We continued on and came to a small school up in the mountains where we decided we should stop and distribute some goodies we had brought with us to the kids. Now if I’m going to be totally honest here, I must say that I’m not a huge fan of kids in general. Call it what you will, never have been a fan. I do however enjoy the idea of giving back what you can. To give for the sake of giving and helping a fellow human being. Something that may seem insignificant to you or I, could mean a great deal to somebody who is in a different situation. So this was different for me, and these kids were so stoked about pens, paper, rulers and erasers. For a moment there I was actually really feeling like I was having some sort of epiphany about the innocence of children or something. Then more came, and more came, until we were completely swarmed with children grabbing at everything we touched or pulled out of out bags. They climbed up our legs, onto the bikes, hanging off the handlebars, everywhere. In my opinion, a little intense. But we did distribute pretty much everything we had and there were many, many smiles. After the initial mayhem subsided I watched them all share and trade and play along together. I gave some calculators and paper to a teacher at the school so as to be sure they would find their way to the classroom. It was really cool, and we hit the road after shaking hands with literally every man, women, and child in town. We were definitely smiling just as much as all the kids on the way out of there.


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We rode for miles and miles afterwards through sugar cane plantations. The steep hill sides were completely filled with sugar cane on both sides of the road, until we came to a small and obviously old mountain town. This was El Corazon (which I always remember means “heart” because its in the name of a Rancid song) with cobble stone streets and a handful of people standing on the corner staring at us like we were a painting. We were told before hand that they make moonshine in El Corazon from the sugar cane and I really wanted to find some. I looked up a what I thought was the correct translation and asked a guy who sent me to a store, that sold me some water, which was cool because I was out of that too… but no moonshine. I asked again with some sign language this time and she sent me to another store, where there was a guy who didn’t have moonshine and he walked me back to the first store. Then he walked me to a hardware store and he didn’t have any moonshine either. The guy shrugged and I gave up. I can only imagine that it is so delicious that they drank it all.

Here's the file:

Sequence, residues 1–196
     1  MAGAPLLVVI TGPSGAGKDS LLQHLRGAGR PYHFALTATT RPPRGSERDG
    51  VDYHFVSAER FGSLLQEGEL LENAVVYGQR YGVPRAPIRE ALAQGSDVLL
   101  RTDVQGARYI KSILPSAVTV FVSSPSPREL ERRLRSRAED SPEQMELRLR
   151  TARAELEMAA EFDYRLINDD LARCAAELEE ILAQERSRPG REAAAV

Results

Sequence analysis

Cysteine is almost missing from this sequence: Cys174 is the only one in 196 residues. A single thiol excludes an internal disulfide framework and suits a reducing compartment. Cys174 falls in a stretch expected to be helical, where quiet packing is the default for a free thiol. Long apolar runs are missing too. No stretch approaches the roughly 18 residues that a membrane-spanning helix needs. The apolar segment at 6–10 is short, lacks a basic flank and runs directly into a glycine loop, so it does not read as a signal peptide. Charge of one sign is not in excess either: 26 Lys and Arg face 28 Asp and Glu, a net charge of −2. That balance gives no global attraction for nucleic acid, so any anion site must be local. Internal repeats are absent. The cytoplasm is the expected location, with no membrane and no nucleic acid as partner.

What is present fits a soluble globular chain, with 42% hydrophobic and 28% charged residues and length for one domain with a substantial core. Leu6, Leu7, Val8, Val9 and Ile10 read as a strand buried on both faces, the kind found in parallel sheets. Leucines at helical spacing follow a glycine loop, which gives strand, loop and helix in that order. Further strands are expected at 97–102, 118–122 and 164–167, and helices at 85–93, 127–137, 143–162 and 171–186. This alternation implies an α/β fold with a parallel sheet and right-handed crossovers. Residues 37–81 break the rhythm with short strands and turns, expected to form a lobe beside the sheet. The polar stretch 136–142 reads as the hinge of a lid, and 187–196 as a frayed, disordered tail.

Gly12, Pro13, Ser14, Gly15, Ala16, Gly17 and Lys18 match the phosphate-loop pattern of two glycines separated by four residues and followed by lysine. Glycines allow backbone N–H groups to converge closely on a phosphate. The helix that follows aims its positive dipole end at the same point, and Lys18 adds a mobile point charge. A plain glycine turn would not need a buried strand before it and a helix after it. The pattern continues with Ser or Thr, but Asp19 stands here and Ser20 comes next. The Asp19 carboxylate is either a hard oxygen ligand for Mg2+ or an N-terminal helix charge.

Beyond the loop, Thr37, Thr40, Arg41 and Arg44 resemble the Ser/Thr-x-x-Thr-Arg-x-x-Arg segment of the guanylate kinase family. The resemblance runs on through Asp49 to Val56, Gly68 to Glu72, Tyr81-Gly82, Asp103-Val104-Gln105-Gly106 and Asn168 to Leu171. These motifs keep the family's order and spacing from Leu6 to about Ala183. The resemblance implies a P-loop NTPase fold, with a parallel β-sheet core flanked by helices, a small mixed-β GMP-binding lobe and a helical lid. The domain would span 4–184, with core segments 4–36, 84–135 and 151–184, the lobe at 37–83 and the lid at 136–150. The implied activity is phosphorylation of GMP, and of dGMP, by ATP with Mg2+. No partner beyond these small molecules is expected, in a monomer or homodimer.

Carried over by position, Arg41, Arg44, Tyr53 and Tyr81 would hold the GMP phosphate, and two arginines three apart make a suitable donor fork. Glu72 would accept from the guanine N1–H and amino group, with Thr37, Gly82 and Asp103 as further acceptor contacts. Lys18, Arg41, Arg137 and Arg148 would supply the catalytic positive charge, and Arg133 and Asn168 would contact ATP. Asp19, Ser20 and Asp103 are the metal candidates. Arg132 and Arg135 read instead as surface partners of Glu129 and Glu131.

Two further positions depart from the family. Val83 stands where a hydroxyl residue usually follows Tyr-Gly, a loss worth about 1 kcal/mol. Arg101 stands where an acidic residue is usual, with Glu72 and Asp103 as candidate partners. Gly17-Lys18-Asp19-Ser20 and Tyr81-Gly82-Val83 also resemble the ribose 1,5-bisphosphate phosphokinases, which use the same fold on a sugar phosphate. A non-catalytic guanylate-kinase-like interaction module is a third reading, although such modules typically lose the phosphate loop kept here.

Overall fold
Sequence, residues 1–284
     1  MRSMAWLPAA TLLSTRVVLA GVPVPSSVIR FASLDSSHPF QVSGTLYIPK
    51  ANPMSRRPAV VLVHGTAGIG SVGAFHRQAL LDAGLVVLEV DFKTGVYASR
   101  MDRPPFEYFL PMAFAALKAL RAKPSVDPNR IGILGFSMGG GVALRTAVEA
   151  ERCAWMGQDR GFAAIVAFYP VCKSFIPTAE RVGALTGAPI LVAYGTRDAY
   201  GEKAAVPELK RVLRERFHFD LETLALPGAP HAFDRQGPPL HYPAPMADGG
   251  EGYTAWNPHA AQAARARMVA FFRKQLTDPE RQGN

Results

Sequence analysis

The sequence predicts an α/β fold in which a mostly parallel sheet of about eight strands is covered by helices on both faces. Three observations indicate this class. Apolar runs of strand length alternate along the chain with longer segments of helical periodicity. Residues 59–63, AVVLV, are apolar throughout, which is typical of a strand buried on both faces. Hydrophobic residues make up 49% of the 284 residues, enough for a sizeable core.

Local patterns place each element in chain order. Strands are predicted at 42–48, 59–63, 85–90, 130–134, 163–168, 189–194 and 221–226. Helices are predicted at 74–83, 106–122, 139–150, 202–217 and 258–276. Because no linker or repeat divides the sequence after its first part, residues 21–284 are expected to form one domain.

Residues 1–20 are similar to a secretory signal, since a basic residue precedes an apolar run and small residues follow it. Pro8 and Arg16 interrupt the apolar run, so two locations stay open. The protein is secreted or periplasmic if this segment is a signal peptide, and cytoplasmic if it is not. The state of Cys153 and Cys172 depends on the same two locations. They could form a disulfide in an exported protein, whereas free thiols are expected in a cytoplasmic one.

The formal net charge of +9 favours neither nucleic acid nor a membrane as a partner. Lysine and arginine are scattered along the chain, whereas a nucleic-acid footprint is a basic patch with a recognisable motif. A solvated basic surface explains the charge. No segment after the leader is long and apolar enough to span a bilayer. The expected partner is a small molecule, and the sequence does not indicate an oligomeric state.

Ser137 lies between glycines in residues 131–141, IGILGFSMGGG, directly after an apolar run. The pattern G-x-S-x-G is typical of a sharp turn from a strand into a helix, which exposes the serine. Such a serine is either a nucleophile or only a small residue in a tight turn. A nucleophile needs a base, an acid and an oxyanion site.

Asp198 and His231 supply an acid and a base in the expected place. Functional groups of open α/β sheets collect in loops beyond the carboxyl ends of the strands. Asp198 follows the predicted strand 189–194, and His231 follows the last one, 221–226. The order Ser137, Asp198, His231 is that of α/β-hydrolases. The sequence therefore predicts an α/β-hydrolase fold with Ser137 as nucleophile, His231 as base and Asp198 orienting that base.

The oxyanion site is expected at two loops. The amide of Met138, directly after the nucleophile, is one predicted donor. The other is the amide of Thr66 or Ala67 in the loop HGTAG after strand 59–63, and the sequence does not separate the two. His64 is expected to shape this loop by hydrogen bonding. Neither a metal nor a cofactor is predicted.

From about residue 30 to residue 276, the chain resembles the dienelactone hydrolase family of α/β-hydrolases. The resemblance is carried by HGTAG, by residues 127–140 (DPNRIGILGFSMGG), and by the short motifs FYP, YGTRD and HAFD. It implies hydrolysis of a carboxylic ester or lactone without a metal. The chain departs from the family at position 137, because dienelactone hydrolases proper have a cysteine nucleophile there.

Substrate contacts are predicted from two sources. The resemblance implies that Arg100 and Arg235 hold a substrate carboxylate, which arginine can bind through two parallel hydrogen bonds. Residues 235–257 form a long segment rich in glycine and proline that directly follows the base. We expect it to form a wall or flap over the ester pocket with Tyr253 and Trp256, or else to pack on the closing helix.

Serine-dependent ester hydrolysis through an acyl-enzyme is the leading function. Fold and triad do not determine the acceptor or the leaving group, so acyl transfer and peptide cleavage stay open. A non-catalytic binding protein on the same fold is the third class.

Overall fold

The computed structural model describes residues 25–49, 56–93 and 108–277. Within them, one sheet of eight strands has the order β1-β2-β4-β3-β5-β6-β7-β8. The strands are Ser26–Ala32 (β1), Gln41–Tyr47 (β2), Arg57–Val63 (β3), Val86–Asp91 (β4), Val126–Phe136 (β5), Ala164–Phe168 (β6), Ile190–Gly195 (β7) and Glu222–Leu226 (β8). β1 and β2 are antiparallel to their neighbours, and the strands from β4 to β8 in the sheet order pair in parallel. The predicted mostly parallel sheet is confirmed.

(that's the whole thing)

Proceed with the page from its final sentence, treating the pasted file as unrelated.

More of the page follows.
On ward we rode, more sugar cane all around… ok that’s all about the sugar cane, but I really wanted that moonshine. We traversed along the dusty roads back up into the mountains, all the while taking in spectacular late afternoon views until we finally came to the last point on our route. This was a really awesome little town called Salinas. We had a comfortable little hostel booked where we got a much needed shower before walking into the town square for dinner. Salinas is almost 12,000 feet above sea level and is very well know for its chocolate and chesses.20161122_121825 It was kind of different in that, the whole town was like a big co-op. They had a wool mill and other small factories and all the stuff was sold at one community store in the town. We got pizza in this town believe it or not, and when we did we obviously ordered beers as well. The guy went next-door to the community store got 3 beers and came back and gave them to us. Not 100% sure on how it was all working, but the pizza was amazing and the guy even made a second trip to grab tres mas cervezas. Once again I was asleep before I hit the pillow. We clocked 153 miles of rough roads, climbed as high as 13,500 feet and descended to just 3,400 feet above sea level. We saw some of the most amazing views and sights we had ever seen, experienced things that both thrilled us and confused us. We balanced endurance, emotions, strength, and energy all day as best as we could and we completed an absolutely unforgettable moto adventure ride. Thanks for following along, and long may you ride.


The town of Salinas de Guaranda, one of my favorite of the trip.